1. lameri
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    lameri Senior Member

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    Better term?

    Discussion in 'Word Mechanics' started by lameri, Nov 9, 2011.

    Hello,

    I introduce a character's "bad boyfriend" by saying:
    "She wanted to be with her rather dysfunctional date, but she knew that wouldn’t bring him any closer to her."

    From then on, I refer to him as "lousy date," but I'm not sure it sounds OK. I could replace it completely or I could replace some instances of it. But I don't want to call him "lousy boyfriend" precisely because the relationship wasn't good/stable. Here are the places where I mention him:
    1) That's all her "lousy date" could offer her.
    ...
    2) Of course not, she was still in love with her "lousy date." Fortunately, her reflections over the weekend made it clear that she really didn’t need to have a lousy date. She could do better than that.
    ...
    3) Her "lousy date" was there. She felt nothing. She was completely cured.
    ...
    4) That had been one of the problems with her "lousy date": he was too sure he was right. For him, there was no reality out there, only his reality.

    What would you suggest?

    Thank you.
     
  2. mammamaia
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    mammamaia nit-picker-in-chief Contributor

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    i would suggest using 'lousy date' only once... and not even that, if you're not referring to the date itself, but to the person...

    a 'lousy date' usually refers to the experience, not to the guy/gal... so to keep calling him a 'date' makes no sense... what makes even less sense is that you seem to have used the term both ways... in some places as meaning the guy and in others to mean the experience...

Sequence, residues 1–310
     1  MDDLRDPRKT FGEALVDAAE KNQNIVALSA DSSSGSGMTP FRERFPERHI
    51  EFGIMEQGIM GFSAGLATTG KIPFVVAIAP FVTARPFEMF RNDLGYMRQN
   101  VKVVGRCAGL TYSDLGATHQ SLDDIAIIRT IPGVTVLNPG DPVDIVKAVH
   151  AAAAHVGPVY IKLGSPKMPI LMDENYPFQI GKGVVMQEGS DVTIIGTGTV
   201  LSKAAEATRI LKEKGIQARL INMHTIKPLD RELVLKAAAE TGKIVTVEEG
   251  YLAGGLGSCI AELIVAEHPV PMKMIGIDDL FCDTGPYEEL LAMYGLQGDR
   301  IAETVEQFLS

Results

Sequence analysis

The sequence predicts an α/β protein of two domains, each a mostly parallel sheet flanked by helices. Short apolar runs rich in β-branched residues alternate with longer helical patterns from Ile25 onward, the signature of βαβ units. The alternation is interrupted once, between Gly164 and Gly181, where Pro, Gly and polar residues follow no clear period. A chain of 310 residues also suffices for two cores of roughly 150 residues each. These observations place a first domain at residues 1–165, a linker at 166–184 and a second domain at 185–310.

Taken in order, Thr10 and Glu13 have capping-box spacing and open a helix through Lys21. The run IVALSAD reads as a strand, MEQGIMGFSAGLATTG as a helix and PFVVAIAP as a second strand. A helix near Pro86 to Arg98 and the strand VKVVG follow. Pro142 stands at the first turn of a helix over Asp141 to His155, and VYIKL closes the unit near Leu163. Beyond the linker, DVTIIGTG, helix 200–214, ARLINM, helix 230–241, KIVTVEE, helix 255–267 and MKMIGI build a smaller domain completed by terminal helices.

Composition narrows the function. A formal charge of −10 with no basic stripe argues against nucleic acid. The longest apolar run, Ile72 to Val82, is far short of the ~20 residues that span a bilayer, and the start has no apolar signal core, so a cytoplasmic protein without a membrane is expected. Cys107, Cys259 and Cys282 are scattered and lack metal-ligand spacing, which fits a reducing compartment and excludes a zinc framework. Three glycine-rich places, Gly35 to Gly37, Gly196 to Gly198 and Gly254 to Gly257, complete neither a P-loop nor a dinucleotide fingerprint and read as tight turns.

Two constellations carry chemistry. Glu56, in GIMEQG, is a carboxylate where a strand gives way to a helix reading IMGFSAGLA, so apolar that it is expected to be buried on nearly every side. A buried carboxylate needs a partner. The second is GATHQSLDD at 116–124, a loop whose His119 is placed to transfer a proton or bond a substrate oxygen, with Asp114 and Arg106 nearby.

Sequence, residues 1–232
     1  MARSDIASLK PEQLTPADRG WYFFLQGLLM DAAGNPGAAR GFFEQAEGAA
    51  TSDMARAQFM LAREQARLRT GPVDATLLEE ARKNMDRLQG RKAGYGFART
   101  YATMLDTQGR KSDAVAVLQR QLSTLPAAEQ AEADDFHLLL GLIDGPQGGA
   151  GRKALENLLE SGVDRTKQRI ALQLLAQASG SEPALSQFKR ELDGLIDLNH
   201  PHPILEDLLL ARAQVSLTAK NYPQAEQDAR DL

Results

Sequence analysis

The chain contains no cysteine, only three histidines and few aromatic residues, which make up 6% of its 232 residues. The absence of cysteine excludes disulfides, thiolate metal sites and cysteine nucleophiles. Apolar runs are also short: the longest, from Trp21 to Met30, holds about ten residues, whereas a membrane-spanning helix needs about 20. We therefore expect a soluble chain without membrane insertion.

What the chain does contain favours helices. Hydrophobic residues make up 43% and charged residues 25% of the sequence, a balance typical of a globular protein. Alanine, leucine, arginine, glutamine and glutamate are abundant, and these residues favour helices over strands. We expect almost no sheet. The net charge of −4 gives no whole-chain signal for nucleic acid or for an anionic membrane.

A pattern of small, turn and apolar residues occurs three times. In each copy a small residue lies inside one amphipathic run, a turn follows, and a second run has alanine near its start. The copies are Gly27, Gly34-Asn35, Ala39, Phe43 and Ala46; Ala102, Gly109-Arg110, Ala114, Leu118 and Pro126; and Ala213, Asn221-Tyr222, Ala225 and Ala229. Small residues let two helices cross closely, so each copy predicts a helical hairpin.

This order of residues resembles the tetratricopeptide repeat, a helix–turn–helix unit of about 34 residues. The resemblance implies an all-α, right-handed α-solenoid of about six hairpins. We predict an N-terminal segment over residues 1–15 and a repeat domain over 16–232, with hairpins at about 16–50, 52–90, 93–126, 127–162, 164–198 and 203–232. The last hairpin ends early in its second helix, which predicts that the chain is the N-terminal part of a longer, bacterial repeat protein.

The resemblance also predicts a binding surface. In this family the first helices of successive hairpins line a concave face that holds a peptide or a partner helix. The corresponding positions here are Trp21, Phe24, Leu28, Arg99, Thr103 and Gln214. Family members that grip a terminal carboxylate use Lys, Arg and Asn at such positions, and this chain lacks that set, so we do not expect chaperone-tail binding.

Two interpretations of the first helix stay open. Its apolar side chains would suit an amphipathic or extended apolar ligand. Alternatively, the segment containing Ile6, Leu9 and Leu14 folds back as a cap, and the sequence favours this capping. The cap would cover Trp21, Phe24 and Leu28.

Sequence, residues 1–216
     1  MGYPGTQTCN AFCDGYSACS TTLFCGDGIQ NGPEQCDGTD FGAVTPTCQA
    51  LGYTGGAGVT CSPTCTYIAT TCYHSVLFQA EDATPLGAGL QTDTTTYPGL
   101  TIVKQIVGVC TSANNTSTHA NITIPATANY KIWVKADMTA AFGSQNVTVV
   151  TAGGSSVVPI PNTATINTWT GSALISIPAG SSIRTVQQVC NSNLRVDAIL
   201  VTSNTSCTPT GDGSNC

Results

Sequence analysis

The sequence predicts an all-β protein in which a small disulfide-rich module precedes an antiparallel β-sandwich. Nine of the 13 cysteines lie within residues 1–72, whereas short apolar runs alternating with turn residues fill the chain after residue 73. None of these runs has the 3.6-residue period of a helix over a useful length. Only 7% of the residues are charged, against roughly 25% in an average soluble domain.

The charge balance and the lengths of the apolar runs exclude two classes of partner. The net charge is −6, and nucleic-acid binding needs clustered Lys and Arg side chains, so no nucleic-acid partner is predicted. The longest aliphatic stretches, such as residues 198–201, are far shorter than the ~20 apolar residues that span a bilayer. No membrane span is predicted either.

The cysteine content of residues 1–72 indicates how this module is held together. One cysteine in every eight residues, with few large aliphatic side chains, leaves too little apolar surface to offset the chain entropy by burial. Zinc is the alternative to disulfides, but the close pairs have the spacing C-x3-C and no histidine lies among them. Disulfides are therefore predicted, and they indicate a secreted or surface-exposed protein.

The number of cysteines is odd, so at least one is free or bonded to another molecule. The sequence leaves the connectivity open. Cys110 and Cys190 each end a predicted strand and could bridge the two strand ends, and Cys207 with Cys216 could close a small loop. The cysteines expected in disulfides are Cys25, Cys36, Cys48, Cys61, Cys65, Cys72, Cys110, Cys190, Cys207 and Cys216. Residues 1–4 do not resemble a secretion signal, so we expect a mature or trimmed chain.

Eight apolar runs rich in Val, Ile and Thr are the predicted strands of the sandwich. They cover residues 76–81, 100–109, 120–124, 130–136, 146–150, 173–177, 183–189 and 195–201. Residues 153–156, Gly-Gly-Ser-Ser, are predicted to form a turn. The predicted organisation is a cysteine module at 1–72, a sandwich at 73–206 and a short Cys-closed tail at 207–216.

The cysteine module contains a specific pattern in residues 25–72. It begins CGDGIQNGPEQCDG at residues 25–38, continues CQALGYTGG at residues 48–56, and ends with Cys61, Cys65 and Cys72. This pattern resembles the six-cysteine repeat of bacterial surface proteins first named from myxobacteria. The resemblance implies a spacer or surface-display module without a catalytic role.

3. AmyHolt
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    AmyHolt Contributing Member

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    Describing him as a "dysfunctional date" has a different connotation than bad date. To me it sounds like she wants to sleep with him but he wouldn't be able to "perform".

    I think I would just call him a guy or a man or something and let the reader decide what kind of date he is.
     
  4. Arathald
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    Arathald Contributing Member

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    I'm not sure I agree with this. I read "dysfunctional" here in the same sense as in "dysfunctional family", meaning that there's something that's just off about the interpersonal reactions. While "dysfunction" is used in "erectile dysfunction", outside of that context, I think of it in the social aspect, not the physical one. I'd expect any talk about his sexual performance to instead use something like "impotent". As a side note, combined with mamamaia's observation about the ambiguity of "date", "dysfunctional date" gets even more confusing.

    Very true. You know the old adage "show, don't tell"? This is exactly the kind of situation that it applies to. If I'm talking to a friend of mine, she might really start out by telling me that she had a terrible date last night (once again, in this context, I'd assume that "date" refers to the event, not the person, which changes the meaning subtly), but really, I expect her to just launch into telling me about it. It makes a much more effective story if I'm the one who's saying "that's terrible!", and so on, while she is recounting the story.

    As for what term to use, if you must use one, I'm not entirely sure. However, you really only want to use it once. You're wondering what to call him after you introduce him, but he has a name, doesn't he? I can't imagine going through a whole scene with any character without knowing their name.

    If you're being purposefully vague about his name, calling him her date, or simple "him"/"he" will suffice -- this isn't ambiguous if there's only the two of them in the scene, and whenever it is ambiguous (if there's a male waiter, for example), referring back to him as her date is perfectly fine.